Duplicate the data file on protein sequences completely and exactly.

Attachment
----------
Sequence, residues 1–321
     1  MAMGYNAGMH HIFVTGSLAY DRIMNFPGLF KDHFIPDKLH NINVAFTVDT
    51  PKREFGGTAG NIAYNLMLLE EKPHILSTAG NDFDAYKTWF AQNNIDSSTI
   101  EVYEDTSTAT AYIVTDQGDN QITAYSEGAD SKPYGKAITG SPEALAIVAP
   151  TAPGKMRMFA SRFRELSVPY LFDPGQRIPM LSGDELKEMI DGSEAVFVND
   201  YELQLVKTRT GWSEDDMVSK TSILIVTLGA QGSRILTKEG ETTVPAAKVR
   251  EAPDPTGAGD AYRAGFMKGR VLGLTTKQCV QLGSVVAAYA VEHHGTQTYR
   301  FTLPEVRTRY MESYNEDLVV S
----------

Sequence, residues 1–321
     1  MAMGYNAGMH HIFVTGSLAY DRIMNFPGLF KDHFIPDKLH NINVAFTVDT
    51  PKREFGGTAG NIAYNLMLLE EKPHILSTAG NDFDAYKTWF AQNNIDSSTI
   101  EVYEDTSTAT AYIVTDQGDN QITAYSEGAD SKPYGKAITG SPEALAIVAP
   151  TAPGKMRMFA SRFRELSVPY LFDPGQRIPM LSGDELKEMI DGSEAVFVND
   201  YELQLVKTRT GWSEDDMVSK TSILIVTLGA QGSRILTKEG ETTVPAAKVR
   251  EAPDPTGAGD AYRAGFMKGR VLGLTTKQCV QLGSVVAAYA VEHHGTQTYR
   301  FTLPEVRTRY MESYNEDLVV S